Maintaining Your Septic System

Maintaining your septic system helps maintain the environment and protects our local waterways. If you have a septic system, it is vital to keep up with its proper care and maintenance to avoid costly replacement and reduce the risk of contaminating local and regional waters. Overloading your septic system with water is a leading cause of failure.

How does a septic system work?

A septic tank is a buried, water-tight container usually made of concrete, fiberglass or polyethylene. Its job is to hold wastewater long enough to allow solids to settle down to the bottom forming sludge, while the oil and grease floats to the top. Compartments in a T-shaped outlet prevent the sludge and scum from leaving the tank and traveling into the drain field area. Here is a brief overview of how a septic system works:

  • All of the water runs out of your home from one main drainage pipe into a septic tank.
  • The liquid wastewater then exists the tank into the drain field. If the drain field is overloaded with too much liquid, it will flood, causing sewage to flow to the ground surface or create backups into toilets and sinks.
  • The wastewater percolates into the soil, naturally removing harmful bacteria, viruses and nutrients.

Why it is important to maintain your septic system?

  • A malfunctioning septic system can be costly to repair. On average the cost to repair or replace a septic system can range between $3,000 and $7,000. The cost to maintain your septic system is approximately $250 to $500 every 3 to 5 years.
  • By maintaining your septic system, you are protecting the value of your property. A malfunctioning septic system can drastically reduce the property value, hamper the sale of your property and pose a legal liability.
  • A properly maintained septic system keeps your water clean and safe; it reduces the risk of contaminating the community, local and regional waters.
  • A malfunctioning septic system can harm the local ecosystem by killing native plants and aquatic species.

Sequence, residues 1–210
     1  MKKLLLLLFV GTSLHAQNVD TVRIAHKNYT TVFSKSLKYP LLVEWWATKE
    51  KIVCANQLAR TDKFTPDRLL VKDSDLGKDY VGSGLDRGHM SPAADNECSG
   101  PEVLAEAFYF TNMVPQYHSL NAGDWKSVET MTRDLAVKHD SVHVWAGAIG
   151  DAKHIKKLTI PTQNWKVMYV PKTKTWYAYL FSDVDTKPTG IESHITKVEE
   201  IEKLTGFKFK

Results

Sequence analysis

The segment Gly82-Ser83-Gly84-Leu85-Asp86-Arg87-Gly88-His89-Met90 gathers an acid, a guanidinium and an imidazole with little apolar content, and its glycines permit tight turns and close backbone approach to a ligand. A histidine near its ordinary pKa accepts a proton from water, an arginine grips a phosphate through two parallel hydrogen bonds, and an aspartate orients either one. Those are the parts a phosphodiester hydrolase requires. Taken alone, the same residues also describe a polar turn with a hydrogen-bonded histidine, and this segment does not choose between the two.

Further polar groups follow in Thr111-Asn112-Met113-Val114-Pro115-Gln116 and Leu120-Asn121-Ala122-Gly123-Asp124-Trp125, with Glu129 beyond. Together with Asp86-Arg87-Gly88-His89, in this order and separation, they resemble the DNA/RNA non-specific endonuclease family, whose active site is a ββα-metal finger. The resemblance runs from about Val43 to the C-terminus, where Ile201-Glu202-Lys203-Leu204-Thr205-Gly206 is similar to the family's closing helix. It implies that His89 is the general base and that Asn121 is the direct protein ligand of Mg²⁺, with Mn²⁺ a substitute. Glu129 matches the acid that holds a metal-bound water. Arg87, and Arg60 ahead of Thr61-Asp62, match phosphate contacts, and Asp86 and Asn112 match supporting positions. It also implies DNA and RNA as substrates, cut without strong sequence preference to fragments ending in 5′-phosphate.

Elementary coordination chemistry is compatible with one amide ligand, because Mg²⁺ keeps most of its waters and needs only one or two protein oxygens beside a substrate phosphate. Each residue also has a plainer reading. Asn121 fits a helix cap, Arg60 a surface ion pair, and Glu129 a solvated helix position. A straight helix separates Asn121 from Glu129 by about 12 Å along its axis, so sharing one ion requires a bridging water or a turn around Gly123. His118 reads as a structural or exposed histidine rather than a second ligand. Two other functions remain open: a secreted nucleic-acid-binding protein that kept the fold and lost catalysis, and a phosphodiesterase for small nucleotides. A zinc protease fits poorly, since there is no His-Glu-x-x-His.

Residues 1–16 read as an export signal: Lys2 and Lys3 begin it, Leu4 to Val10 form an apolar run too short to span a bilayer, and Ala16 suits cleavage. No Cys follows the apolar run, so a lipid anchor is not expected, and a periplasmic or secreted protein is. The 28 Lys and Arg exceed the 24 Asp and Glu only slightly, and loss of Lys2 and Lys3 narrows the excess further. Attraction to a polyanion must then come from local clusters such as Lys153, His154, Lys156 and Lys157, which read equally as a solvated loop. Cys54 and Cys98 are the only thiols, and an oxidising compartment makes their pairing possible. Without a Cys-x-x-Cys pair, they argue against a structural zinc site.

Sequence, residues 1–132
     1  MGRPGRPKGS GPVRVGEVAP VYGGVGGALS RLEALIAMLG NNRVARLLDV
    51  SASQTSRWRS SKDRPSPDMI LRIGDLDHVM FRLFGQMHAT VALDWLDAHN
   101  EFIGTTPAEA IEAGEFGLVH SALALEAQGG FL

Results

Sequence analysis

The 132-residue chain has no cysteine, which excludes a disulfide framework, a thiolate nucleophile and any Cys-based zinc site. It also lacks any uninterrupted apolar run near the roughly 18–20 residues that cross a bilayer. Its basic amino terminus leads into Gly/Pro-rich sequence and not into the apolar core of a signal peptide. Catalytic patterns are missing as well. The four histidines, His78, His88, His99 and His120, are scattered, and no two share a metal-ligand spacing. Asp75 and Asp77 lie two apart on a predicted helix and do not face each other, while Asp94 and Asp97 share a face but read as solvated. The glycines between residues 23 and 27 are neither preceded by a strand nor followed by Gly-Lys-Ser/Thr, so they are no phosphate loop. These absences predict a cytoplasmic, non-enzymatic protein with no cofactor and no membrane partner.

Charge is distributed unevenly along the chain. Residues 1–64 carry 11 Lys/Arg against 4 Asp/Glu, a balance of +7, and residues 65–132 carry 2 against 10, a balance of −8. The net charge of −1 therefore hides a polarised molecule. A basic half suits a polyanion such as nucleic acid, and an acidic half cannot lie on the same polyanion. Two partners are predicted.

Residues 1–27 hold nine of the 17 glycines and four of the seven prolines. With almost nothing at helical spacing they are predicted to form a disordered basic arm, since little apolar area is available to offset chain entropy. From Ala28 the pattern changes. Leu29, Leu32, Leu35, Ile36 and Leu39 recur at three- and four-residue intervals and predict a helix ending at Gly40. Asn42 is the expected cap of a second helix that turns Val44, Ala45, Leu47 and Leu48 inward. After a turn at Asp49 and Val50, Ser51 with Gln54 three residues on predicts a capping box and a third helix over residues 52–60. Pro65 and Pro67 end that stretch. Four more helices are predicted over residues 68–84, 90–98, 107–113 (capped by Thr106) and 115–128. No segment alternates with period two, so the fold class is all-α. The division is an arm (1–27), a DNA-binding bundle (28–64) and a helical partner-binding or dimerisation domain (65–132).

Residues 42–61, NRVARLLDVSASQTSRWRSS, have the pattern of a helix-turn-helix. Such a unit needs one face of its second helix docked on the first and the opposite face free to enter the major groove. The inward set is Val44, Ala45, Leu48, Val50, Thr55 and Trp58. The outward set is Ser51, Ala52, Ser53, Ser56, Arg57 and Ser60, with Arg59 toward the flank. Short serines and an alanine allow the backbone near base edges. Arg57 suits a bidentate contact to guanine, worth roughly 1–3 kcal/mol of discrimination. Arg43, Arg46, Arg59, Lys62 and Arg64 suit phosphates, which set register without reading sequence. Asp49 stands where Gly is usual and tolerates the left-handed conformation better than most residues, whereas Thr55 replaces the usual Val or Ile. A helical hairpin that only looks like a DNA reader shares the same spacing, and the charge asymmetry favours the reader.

What you can do to maintain your septic system?

Septic systems should be inspected at least every 3 years by a licensed contractor and your tank should be pumped generally every three to five years or as recommended by the inspector.

  • Your septic system contains a live collection of organisms that digest and treat waste. Pouring chemicals down your drain can kill these organisms and harm your septic system.
  • Reduce the amount of fats, grease and solids entering your septic system by eliminating the use of a garbage disposal. Note, increased disposal use can result in more frequent pumping of your septic tank.
  • Do not flush feminine hygiene products, condoms, diapers, cigarette butts, coffee grounds or cat litter – these products can clog and potentially damage your septic system.
  • The less water you use, the less water enters the septic system, which decreases the workload. Run the dishwasher and washing machines only when full. Repair leaky toilets and pipes. When replacing toilets and faucets, select high-efficiency models.

It is equally as important to maintain your leach field.

  • Do not park or drive on your leach field.
  • Only plant trees the appropriate distance away from the leach field to keep roots from growing into the system.
  • Keep sump pumps, roof drains and other rainwater drainage systems away from your leach field. Excess water can overwhelm the system and stop the treatment process.